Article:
Early humans stole the eggs of 6-foot “Demon Ducks of Doom” that once roamed Australia

Examples of Genyornis eggs
Scientists have finally uncovered the identify of a six-foot bird that lay eggs eaten by Australia’s first people, ending the 50,000-year-old Great Egg Controversy.

The ancient humans’ feast was provided by the extinct megafauna Genyornis, a group of birds known as the dromornithids or mihirungs, also known as the “demon ducks of doom” due to their resemblance to waterfowl and massive size.

Genyornis, popularly known as “Thunder Bird,” was a two-meter (six-foot) tall creature with lengthy legs and unexpectedly stubby wings. These birds are said to have strutted across Australia in groups, and despite the fact that a six-foot demon ducks of doom is pretty terrifying, they were most likely vegetarians.

Instead, we humans were the ones performing the devouring, as evidenced by the discovery of burned bits of old eggshells few years ago. The finding of the shells, however, ignited dispute over which bird lay the eggs our forefathers ate.

What difference did it make? Because the answer could reveal whether humans were to blame for the extinction of one of the suspects: Genyornis, which was previously thought to be the egg layer.

A second extinct bird – Progura, or “giant malleefowl” – was also floated as a contender for the egg layer after research indicated that the burned shells’ shapes and thickness made it a more likely candidate than Genyornis. These birds were more comparable to a turkey, weighing around five to seven kilograms (11 to 15 pounds).

The authors of a new paper published in Proceedings of the National Academy of Sciences used fossilized egg shells to distinguish between the two, but fortunately, these ancient calcium carbonate chick cases have fared quite well over the past 50,000 years.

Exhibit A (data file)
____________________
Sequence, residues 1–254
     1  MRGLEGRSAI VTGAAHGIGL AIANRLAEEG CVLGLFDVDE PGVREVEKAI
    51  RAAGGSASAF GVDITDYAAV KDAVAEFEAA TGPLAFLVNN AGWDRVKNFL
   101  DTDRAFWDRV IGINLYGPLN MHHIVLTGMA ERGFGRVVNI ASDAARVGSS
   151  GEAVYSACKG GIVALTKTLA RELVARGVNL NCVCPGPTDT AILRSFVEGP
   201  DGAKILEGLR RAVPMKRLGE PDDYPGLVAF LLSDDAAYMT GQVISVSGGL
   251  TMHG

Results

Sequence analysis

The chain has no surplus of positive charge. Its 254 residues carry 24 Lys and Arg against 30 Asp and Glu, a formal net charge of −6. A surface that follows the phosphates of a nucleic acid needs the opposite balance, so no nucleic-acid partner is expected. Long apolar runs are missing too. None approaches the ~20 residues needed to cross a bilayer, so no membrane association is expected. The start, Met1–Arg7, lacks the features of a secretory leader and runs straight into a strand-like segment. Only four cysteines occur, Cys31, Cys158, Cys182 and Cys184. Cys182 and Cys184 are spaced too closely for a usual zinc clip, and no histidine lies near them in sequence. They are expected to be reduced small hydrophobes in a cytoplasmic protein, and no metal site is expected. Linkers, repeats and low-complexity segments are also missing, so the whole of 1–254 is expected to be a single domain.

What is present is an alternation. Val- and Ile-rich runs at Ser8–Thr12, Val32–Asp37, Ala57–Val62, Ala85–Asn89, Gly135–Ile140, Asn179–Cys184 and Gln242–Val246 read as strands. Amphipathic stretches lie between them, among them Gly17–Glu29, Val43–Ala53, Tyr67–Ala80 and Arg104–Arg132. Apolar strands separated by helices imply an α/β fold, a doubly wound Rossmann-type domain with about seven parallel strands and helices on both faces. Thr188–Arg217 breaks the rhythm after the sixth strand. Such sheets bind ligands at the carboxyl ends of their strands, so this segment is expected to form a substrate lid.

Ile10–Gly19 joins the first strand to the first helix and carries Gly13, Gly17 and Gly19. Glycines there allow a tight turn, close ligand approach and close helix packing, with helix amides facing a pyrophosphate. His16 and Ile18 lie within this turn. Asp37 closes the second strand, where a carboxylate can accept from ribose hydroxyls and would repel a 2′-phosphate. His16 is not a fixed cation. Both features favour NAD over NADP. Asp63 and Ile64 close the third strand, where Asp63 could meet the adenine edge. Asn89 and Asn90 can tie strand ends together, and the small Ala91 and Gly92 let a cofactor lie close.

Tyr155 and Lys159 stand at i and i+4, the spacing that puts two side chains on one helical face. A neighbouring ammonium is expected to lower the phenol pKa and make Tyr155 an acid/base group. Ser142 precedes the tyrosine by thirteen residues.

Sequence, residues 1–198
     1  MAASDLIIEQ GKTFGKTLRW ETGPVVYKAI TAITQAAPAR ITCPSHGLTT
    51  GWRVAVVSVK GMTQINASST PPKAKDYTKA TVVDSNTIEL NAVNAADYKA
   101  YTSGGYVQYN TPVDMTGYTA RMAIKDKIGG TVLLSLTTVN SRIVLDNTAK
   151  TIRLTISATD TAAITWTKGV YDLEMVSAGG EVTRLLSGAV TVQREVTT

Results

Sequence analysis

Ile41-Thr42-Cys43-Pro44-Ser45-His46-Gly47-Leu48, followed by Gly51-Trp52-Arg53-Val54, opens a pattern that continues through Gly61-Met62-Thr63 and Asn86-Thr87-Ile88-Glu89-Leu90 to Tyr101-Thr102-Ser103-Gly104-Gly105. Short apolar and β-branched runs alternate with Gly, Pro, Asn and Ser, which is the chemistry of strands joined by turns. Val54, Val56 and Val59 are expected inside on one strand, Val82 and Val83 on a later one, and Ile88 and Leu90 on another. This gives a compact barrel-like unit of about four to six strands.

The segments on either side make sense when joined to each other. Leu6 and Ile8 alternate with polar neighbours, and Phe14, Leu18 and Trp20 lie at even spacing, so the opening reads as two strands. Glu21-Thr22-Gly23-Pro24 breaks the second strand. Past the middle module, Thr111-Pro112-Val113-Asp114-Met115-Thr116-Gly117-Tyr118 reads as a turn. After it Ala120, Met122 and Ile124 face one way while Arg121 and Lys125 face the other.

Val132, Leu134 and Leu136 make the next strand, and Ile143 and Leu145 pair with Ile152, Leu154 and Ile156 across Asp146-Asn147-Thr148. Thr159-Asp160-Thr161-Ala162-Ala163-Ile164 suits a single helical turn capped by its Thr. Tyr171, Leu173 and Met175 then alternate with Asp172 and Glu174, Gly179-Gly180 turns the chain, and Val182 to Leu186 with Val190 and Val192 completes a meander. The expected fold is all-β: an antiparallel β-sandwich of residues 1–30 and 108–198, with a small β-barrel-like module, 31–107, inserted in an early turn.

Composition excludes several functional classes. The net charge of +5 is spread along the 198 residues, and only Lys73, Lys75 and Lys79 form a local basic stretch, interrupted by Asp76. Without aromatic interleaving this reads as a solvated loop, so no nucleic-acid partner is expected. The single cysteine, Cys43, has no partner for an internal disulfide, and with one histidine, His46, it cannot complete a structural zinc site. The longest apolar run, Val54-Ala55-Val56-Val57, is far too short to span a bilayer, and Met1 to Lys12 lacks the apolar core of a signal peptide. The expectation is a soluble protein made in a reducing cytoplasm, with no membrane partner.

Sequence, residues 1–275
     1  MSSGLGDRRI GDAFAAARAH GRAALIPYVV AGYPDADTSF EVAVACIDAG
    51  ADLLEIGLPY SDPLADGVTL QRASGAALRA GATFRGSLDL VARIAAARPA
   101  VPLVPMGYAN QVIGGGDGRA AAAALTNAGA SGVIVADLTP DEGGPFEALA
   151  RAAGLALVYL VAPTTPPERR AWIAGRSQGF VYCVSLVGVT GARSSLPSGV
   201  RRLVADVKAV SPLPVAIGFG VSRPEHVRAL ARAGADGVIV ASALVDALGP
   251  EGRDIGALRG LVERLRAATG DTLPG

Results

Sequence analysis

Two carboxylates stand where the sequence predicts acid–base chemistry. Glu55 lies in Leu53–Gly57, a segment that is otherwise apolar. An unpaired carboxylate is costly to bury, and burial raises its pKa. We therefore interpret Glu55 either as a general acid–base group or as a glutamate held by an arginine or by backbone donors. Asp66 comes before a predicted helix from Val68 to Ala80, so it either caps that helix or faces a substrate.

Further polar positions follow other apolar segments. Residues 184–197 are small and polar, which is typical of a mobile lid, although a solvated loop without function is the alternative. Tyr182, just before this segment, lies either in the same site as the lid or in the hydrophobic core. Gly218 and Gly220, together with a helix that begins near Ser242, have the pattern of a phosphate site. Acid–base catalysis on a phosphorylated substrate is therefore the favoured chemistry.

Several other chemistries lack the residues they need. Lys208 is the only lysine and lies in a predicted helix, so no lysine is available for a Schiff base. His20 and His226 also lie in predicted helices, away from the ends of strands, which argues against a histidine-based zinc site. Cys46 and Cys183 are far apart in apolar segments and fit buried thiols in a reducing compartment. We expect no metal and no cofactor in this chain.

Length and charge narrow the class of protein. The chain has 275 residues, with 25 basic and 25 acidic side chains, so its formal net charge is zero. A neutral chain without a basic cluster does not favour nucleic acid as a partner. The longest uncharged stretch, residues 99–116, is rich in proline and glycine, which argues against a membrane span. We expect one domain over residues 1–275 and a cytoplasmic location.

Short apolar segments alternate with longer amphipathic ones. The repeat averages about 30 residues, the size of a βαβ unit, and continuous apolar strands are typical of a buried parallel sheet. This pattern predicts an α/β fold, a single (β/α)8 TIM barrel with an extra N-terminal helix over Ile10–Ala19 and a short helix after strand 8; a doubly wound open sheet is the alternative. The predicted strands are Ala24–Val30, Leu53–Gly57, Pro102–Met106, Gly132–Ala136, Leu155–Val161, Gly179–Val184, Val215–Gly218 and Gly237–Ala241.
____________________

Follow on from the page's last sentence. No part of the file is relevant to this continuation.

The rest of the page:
“demon ducks of doom” Genyornis had a wide distribution in a variety of habitats. Photo: Australian Museum

“Time, temperature and the chemistry of a fossil all dictate how much information we can glean,” said senior co-author Prof Matthew Collins from the University of Cambridge’s Department of Archaeology in a statement.

“Eggshells are made of mineral crystals that can tightly trap some proteins, preserving this biological data in the harshest of environments – potentially for millions of years.” 

While there was no genetic material on the shells to work with, the researchers were able to extract proteins from the ancient eggshells and compare them to those of living species. This comparison revealed that whoever laid the eggs evolved before Progura emerged, pointing to Genyornis instead.

As for how our ancestors may have tipped the species over the edge and into extinction, it seems thievery rather than butchery was likely to blame.

“There is no evidence of Genyornis butchery in the archaeological record. However, eggshell fragments with unique burn patterns consistent with human activity have been found at different places across the continent,” said senior co-author Prof Gifford Miller from the University of Colorado.

“This implies that the first humans did not necessarily hunt these enormous birds, but did routinely raid nests and steal their giant eggs for food. Overexploitation of the eggs by humans may well have contributed to Genyornis extinction.”


Cover photo by G. Miller

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